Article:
What is the meaning / definition of Rate Fences in the hospitality industry?

Rate Fences are rules that apply to rates. Meaning that to book a certain rate, there will be specific conditions that will apply to your reservation.

If a hotel discounts a standard rack rate for a specific time period (i.e. flash sale) it usually aims to attract new clients who maybe would not be willing to pay a standard rate. However the hotel doesn’t want to offer the same discounted rates to a customer who is willing to pay the standard rate. Therefore, what the hotel can do is to put so called Fences ‘around the special offer rates’ to protect/ justify the non-discounted rates against existing clients (guests who have already booked at a normal rate can´t ask for a discount anymore).

Hotels use rate fences as part of their yield strategy and to optimize their revenue results.

There are different scenarions in which you can use fenced rates::

  • High demand period
    • To protect inventory from selling out to fast during a high demand period.
    • To avoid many reservations with a short stay, and generate more longer stay through reservations.
    • To avoid loss of revenue from lastminute cancelation risk, i.e. during citywide events, and not being able to resell the rooms.
  • Low and medium demand periods
    • Launching discounted offers to increase demand potential, but with conditions protecting the exisitng demand from being diluted into lower rate levels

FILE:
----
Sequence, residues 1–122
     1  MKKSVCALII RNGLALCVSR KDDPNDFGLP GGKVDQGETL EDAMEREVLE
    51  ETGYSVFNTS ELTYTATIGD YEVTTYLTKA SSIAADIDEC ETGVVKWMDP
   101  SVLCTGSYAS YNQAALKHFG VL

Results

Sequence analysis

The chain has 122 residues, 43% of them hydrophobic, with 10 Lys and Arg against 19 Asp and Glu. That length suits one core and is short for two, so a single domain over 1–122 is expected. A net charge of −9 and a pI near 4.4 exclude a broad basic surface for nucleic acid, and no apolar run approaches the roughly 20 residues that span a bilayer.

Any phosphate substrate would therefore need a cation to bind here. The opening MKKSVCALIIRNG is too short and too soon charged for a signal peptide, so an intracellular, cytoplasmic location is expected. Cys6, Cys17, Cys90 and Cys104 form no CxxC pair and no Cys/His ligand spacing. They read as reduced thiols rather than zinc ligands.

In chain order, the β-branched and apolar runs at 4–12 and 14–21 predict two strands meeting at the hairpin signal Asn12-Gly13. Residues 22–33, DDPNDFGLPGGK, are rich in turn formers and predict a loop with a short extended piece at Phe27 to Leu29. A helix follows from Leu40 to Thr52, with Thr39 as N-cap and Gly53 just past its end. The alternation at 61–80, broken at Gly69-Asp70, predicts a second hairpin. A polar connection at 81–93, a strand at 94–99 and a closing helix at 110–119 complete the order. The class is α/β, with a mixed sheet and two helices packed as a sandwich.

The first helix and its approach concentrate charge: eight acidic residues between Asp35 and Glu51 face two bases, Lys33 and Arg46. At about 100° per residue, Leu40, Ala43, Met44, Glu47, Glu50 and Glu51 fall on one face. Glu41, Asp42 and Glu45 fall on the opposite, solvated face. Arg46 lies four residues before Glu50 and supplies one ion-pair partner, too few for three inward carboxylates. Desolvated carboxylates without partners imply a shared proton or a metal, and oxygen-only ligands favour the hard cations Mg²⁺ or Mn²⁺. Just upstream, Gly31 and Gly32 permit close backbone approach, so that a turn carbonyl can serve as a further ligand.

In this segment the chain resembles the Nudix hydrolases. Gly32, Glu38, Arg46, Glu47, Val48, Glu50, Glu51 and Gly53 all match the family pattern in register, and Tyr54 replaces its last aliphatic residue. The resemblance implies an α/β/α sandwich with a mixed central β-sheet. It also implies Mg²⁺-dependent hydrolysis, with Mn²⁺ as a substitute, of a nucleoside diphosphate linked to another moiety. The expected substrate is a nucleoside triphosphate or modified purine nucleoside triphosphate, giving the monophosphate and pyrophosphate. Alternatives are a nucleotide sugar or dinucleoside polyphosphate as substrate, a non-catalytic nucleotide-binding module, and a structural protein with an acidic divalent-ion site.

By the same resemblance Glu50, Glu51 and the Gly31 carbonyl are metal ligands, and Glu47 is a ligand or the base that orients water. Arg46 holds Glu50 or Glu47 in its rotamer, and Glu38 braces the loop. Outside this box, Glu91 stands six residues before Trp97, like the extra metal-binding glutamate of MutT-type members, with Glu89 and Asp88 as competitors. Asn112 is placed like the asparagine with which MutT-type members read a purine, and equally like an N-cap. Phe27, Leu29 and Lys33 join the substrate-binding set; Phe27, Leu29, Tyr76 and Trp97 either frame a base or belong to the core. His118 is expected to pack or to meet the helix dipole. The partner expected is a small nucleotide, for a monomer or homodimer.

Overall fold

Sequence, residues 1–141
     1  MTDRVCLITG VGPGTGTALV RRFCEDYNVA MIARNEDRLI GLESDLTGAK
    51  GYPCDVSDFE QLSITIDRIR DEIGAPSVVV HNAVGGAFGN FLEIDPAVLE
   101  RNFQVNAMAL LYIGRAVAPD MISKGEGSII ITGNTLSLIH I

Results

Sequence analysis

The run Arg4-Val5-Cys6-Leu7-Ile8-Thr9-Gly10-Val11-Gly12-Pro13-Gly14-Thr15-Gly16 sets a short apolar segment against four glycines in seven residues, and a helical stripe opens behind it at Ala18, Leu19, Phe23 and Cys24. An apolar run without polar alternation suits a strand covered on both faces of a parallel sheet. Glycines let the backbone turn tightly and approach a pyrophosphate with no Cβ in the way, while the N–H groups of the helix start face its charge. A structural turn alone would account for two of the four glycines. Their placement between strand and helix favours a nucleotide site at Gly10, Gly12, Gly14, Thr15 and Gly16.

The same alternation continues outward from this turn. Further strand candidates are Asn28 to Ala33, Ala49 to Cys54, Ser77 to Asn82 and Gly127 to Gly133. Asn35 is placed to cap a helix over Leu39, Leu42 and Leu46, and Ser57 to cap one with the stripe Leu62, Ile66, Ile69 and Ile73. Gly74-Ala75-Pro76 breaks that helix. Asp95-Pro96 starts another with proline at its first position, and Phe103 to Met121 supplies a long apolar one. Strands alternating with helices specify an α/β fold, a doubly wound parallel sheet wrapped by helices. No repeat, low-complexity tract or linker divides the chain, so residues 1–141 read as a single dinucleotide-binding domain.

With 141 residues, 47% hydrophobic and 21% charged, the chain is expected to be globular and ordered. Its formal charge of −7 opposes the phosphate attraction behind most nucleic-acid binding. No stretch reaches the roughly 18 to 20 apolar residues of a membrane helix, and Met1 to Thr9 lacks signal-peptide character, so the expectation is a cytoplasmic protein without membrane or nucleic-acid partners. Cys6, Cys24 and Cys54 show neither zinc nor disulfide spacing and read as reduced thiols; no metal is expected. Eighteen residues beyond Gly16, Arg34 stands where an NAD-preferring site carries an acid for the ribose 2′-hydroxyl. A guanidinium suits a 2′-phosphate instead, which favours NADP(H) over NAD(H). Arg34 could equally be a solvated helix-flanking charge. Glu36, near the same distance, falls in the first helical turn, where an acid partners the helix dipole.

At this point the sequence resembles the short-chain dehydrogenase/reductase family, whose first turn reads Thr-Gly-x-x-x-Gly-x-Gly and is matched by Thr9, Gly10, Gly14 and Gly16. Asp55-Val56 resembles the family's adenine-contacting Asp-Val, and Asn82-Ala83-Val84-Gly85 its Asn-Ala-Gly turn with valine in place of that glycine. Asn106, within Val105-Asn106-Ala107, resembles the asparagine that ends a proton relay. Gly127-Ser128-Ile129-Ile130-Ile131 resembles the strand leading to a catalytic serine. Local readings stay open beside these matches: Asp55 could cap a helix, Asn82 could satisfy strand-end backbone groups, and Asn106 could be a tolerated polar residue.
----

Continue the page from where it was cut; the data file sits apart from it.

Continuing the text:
• Targeting specific niche markets (i.e. senior citizens, or membership rates)
    • Promotional campaigns via targeted channels (i.e. flash sales).

Examples of Fences are: advance booking cutoffs or non-refundable payments.

We can also classify Fences in the following categories:

  • Geographic fences to target a specific, new market, Time-of-purchase fences, for example early bird bookings, targeting people who are booking way ahead their arrival in the hotel.
  • Distribution channel fences. This might be a bit problematic since most hotels practice rate parity to participate in the OTA programs. A good deal with a particular OTA in exchange for exclusivity could be an example.
  • Opaque channel fences. Wholesaler packages or platforms like Priceline are examples here of. The identity of the hotel is not transparent to the customer until after they make the purchase or, in the case of the package, the exact hotel rate is ´hidden´ in the package.
  • Product fences. Can be discounts for specific rooms which don´t sell good in order to promote them.

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